(Photo via facebook.com/SouthPhillyFoodCoop)
When the brain trust behind South Philly Food Co-op was looking to bring their first retail space to life, they knew that they wanted to partner with likeminded businesses.
The co-op, which formed in 2010, will be South Philadelphia’s only community-owned grocery store when it opens this summer. Beyond providing fresh food to the neighborhood, it aims to be a hub for community and food-centric education and is cooperatively owned and democratically controlled by over a thousand local households.
South Philly Food Co-op’s leadership worked with their members and board, fellow Sustainable Business Network members Buckminster Green and Re:Vision Architecture, and Watchdog Real Estate to bring them one step closer to opening their doors.
We caught up with Emily Wyner, board member and capital campaign organizer, and Angel D’Ippolito, board treasurer and facilities committee chair, to learn more about how the power of collaboration helped fuel their success.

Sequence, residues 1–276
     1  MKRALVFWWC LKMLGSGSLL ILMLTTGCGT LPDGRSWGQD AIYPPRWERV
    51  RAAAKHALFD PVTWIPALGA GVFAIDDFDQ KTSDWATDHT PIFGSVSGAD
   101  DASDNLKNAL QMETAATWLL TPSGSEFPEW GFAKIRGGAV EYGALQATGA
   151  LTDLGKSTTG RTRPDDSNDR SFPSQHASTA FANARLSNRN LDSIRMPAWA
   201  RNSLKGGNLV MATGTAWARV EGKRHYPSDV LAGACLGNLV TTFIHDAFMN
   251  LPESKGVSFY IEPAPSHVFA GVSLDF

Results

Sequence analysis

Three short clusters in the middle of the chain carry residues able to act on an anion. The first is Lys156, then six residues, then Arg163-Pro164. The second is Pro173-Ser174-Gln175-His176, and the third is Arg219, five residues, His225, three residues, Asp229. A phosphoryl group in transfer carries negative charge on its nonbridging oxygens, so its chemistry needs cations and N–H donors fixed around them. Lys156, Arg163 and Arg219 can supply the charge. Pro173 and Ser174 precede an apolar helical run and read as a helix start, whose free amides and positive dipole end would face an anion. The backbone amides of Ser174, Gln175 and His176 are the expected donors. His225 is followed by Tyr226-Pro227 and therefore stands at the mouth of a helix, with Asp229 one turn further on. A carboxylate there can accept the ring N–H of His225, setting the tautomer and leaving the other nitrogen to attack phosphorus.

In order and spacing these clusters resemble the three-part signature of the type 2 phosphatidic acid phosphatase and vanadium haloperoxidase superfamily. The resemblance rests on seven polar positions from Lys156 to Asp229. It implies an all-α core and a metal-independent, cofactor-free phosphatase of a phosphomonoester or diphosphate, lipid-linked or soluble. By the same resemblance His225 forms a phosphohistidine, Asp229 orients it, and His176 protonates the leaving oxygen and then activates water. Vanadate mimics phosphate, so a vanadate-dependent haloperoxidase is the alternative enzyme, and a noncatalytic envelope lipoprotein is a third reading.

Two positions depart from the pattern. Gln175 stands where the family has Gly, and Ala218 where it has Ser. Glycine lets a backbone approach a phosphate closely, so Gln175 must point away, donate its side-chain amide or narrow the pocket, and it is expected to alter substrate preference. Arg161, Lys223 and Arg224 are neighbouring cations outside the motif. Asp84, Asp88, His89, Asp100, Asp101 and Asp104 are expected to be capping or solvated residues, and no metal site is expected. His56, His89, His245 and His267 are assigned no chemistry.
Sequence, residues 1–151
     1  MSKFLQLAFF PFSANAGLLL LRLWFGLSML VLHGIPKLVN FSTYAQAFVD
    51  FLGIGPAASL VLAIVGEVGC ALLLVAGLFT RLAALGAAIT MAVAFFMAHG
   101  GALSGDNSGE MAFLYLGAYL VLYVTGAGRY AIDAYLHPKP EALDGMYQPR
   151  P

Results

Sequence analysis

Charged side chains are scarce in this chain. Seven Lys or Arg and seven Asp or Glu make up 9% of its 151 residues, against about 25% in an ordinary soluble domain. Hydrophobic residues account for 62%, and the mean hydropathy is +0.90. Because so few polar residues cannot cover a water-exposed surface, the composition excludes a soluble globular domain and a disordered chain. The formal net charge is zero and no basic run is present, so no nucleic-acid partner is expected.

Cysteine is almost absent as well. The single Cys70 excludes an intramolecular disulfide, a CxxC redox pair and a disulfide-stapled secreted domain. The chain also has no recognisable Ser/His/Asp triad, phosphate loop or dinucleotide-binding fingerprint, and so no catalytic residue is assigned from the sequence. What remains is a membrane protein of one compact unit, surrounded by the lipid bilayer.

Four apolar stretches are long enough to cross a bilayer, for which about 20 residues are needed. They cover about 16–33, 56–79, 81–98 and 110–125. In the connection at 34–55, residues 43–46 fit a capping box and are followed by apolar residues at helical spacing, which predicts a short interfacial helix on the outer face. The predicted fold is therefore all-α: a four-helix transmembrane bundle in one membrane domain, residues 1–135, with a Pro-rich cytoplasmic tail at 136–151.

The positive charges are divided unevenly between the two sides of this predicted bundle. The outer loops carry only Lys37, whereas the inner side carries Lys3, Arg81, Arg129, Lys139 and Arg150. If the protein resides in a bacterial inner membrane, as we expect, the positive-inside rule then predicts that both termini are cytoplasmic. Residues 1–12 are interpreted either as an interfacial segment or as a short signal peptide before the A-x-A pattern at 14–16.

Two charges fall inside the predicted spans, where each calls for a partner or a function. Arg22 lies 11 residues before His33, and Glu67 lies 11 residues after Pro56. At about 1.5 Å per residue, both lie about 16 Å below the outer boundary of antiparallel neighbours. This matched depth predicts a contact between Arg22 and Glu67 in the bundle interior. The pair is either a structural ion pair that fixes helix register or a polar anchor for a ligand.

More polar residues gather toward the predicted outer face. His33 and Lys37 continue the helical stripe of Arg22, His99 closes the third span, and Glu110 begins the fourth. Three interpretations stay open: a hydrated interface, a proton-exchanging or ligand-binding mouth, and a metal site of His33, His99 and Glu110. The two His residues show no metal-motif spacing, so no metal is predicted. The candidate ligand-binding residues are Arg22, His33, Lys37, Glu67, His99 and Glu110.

Sustainable Business Network: Earlier, I asked about South Philly Food Co-op’s process of creating your future retail space, and you said: “Being thorough is being sustainable.” Can you tell me more about the connection between thoroughness and sustainability?
Emily Wyner: To me, planning for the implications of one’s choices is sustainability in action. When we choose to think ahead about what it will mean for the planet to use fossil fuels, and instead invest in wind power, which has more positive effects, that is sustainability.
With a complex project like ours, identifying implications of going down path X or Y before choosing one is critical. For instance, at one point in our development, we did not have enough funds to pay Buckminster Green for the entirety of our construction job. There were a couple key options: 1.) have them start the job, and hope that our fundraising would catch up to our need to pay them, or 2.) find a different solution.